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Monday, December 09, 2019 {{ new Date().getDay() }}

By Michael A. Memoli, Tribune Washington Bureau (TNS)

WASHINGTON — Citing the words of the Rev. Martin Luther King Jr., Vice President Joe Biden said Monday that the U.S. needs to “bridge that separation” that exists between law enforcement and communities of color and suggested a return to “genuine community policing” to restore trust between the two.

In a possible preview of recommendations coming from the president’s so-called Task Force on 21st Century Policing, Biden recalled a major component of the 1994 crime bill he wrote was an infusion of billions in federal dollars to help hire 100,000 new police officers through what was known as the COPS program. Funding for that program has dropped by 87 percent since 1998.

“That means fewer cops in the streets, in the neighborhoods, building recognition, trust — seeing one another,” Biden said at a Martin Luther King Day breakfast in Wilmington, Del. “The result — more separation, less communication, more hostility, and a place for crime to thrive in a neighborhood (where there) are decent and honorable people.”

Biden used the holiday speech to discuss the polarizing political issue, presenting himself as a bridge between the two camps by playing up his reputation as a law-and-order politician and his personal connection to the local black community without which, he said, he “wouldn’t have this job.”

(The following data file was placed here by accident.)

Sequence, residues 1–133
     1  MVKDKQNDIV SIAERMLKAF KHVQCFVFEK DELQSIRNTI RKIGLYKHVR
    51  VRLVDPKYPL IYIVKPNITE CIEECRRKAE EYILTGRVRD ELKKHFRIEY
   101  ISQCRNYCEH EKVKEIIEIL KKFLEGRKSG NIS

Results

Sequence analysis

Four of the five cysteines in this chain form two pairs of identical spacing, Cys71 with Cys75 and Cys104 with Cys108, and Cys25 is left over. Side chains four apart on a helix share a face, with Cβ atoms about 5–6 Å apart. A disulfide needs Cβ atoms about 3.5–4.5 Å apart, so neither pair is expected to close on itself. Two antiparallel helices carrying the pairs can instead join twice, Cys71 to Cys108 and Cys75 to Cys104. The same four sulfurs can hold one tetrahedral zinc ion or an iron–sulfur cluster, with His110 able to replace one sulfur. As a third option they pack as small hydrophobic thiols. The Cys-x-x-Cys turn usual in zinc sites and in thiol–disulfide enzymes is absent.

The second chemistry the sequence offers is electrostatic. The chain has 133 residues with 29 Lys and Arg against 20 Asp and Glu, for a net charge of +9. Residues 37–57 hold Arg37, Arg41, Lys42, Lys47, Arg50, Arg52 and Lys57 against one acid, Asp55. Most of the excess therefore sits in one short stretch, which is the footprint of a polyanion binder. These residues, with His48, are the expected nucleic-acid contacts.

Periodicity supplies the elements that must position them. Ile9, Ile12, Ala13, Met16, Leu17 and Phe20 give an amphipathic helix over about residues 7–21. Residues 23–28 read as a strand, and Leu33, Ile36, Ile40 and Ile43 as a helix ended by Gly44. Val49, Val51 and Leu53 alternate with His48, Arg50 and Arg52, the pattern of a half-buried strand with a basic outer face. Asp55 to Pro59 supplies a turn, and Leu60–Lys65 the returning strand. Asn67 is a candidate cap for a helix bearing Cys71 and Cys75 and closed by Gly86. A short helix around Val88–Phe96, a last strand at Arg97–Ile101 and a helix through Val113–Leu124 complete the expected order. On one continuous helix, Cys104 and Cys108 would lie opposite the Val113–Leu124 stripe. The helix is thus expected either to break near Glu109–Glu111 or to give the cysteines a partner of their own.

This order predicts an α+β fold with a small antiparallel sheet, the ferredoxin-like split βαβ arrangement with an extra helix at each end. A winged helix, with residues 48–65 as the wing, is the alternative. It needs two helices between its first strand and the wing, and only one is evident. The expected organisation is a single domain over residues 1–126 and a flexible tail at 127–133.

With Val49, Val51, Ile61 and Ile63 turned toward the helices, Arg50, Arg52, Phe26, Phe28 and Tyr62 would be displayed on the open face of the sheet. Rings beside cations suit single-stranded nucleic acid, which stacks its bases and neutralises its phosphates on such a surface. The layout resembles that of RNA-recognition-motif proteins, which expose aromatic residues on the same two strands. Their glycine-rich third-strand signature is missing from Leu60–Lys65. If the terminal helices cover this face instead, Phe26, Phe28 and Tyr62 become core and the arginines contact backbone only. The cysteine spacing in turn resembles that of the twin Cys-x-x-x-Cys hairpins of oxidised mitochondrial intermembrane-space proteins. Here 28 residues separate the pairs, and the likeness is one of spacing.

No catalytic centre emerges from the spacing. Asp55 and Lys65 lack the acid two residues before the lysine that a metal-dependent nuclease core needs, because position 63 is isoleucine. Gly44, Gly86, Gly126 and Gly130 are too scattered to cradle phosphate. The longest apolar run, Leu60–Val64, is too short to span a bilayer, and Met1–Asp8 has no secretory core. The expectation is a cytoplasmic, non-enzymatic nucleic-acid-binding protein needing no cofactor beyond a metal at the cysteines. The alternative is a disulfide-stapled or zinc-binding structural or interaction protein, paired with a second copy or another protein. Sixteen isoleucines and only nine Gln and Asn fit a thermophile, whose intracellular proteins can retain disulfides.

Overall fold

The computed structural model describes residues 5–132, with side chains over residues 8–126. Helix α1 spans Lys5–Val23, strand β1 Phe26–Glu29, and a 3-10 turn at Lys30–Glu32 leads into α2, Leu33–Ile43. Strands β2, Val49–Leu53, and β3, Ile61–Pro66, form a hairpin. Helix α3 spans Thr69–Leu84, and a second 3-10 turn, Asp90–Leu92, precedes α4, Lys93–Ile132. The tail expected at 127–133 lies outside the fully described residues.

“I know when I see the decency and the honor and the dignity that exists in each of the communities of this city, they’re a reflection of the decency all of you represent,” he said. “But through that same period of time I’ve also worked with thousands of honorable women and men wearing a uniform. … And at times I’ve seen in their eyes the uncertainty and fear that comes with being asked to put their lives on the line, them wondering, ‘Who has my back?'”

He said Americans all need to agree on two points: that “cops have a right to go home at night” and that minorities “no matter what the neighborhood, have a right to be treated with respect and with dignity.”

Weeks after he attended a funeral service for one of two New York police officers who were murdered in the line of duty, he noted that both were minorities — and that in fact the city police department is now a majority-minority force.

“They had a humanity that was denied them by an assassin’s bullet, who judged them by the color of the uniform they wore, as Dr. King would say, not by the content of their character,” Biden said.

President Barack Obama formed the policing task force in December in the wake of violent confrontations between law enforcement and individuals protesting the death of an unarmed black man, Michael Brown, in Ferguson, Mo. Its recommendations were to be delivered in 90 days.

In addition to beefing up community policing programs, Biden said the commission was looking at ways to increase diversity in police forces, increase the use of technology like body cameras, and new training methods that would educate officers “how to respond to dangerous situations without inflaming them.”

In his speech Biden made no mention of a law enforcement matter closer, literally, to his home — an incident Saturday night when an individual fired shots at his Delaware residence while driving past on a public street. New Castle County police and the Secret Service are investigating.

Photo: Tony Webster via Flickr

Poll: Most Parents Oppose Rapid School Reopening

Numerous local school systems around the country are plowing ahead with plans to resume in-person instruction despite growing evidence that children are just as capable of spreading the coronavirus as adults.